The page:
Error - typescript - src/webparts/reactWebPart/ReactWebPartWebPart.ts(27,8): error TS2345: Argument of type 'typeof ReactWebPart' is not assignable to parameter of type 'string | ComponentClass<IReactWebPartProps> | StatelessComponent<IReactWebPartProps>'.
Error - 'typescript' sub task errored after 4.49 s
 TypeScript error(s) occurred.
So, we checked the typescript version we were running, all the npm modules dependencies and versions - they all seemed to check out.
We went with our favorite way for fixing SPFx versioning issues:
We created a new sample SPFx React web part, and if that one (hopefully) compiles - we compare the two.

In our case, since this is a sample component without a lot of code - it was easier to find the difference between the two.
In the new project, the react component class is defined with one difference:
export default class ReactWebPart extends React.Component<IReactWebPartProps, {}>
See, the "void" that was sent in as the react state was changed to an empty object.

This made the error go away and now our project compiles with no problem. Yay!

I can't help but feeling SPFx tooling still has a long way to go before it will be adopted by the mass development community. It can get pretty frustrating every time you have to move computers or upgrade versions to the point that it is just scary and unpredictable.

That said - I have to admit it is brilliant, fast and fun to build on when you get it to compile. So - I'm keeping my hopes up for this platform.

I will continue to provide this feedback to the team @Microsoft, which are doing a great job at listening for feedback, but please also share your experience in the comments below, on their GitHub project  or by voting on user voice requests.

Here is a link to the GitHub with this project in case you want to see the code changes during the upgrade: https://github.com/KWizCom/SPFxDemo

Hope this helps,
Shai.
Funny thing... not 5 minutes after posting this, I went back to my demo and run gulp. Guess what? It errored out. This time showing this strange error:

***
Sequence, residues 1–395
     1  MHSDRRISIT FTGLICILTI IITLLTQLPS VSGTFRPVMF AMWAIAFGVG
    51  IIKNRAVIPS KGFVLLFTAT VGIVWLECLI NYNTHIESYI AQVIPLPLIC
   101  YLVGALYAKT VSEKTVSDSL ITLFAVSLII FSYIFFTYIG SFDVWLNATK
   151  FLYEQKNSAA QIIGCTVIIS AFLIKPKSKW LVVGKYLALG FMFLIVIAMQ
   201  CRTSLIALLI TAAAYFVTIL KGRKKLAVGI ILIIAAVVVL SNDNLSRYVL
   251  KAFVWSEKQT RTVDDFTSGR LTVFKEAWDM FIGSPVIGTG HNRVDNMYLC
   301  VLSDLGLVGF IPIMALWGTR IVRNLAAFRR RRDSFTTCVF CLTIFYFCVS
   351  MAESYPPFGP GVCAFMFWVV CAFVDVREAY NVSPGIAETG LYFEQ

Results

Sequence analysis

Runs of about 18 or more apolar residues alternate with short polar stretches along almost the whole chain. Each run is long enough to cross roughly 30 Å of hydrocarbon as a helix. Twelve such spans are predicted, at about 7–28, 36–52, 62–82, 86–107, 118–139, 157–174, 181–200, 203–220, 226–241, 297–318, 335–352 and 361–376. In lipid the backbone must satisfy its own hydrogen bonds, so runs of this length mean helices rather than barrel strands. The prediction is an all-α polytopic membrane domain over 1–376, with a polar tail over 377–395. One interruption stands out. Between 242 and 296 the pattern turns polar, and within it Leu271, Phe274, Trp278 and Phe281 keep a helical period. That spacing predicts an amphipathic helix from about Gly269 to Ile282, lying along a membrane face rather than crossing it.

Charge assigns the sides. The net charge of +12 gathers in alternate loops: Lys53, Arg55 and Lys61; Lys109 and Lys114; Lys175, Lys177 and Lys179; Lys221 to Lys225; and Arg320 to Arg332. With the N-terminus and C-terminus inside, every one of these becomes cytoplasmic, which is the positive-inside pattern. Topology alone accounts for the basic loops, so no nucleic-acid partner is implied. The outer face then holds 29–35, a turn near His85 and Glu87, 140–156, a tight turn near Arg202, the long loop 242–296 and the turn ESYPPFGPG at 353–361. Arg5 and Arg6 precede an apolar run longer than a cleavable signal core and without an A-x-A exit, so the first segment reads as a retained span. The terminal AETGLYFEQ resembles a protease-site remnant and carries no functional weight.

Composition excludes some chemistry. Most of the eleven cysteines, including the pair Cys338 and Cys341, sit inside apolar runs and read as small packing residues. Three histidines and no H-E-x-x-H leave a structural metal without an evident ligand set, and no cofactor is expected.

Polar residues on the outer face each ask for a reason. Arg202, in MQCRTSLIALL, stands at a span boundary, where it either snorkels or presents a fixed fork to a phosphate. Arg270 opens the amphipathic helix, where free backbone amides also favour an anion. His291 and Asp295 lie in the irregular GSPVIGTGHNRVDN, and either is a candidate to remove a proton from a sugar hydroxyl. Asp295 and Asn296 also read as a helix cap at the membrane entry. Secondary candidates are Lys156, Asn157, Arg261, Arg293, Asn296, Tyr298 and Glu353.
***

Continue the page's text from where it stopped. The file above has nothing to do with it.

[17:53:08] Error - Unknown
 Cannot find module 'typescript'
Guess what worked this time to fix this? delete node_modules folder and running npm install again...

Wednesday, March 28, 2018

Transforming SharePoint radio buttons to appear horizontal

Recently I was at SharePoint Fest DC.
While I was at KWizCom's booth, one of our customers approached me with a question: He had a list form with lots of radio buttons.
They each had just a few choices, but the form didn't look very nice since they all stretched out too long and narrow.
See, SharePoint always renders radio button choice fields vertically...

He wanted to have these choice columns render in a horizontal layout instead of the OOB vertical one. (side by side instead of under each other)

In other words, from something that looks very much like this:
Into something that looks like this:

(Due to privacy of his content, I can't share his exact form layout - but he had a few more of them spread around the form)

So, you might notice the customer was already using our forms solution and had the form render in a 2 column layout and with the column captions above the controls.

Because of that, the change he requested was very simple to implement so I was happy to do it on the spot with him, on his laptop.

It took about 2 minutes to complete, he was very impressed, but I must admit - this wasn't a very challenging request if you know your way around CSS.

All he had to do was:
1. Create a CSS file with a new class that targets the table in radio buttons choice columns
2. Change the rows of the table to display inline instead of breaking row like it usually does in HTML
2. Save the CSS file in site assets
3. Get our Forms solution to load this new CSS file and all done!

Here is the CSS needed to make this change, it should work on SP2013, SP2016 and SharePoint online in classic UI:

table[id$='RadioTable'] tr{ display: inline; }

Note: if you don't use KWizCom Forms, you will have to load the CSS some other way to the page, but this solution should still work.

Note #2: this wasn't tested on modern UI, but on classic. It might require some minor tweaking to work in modern UI, let me know in the comments if this is something you need and having trouble achieving.

Enjoy!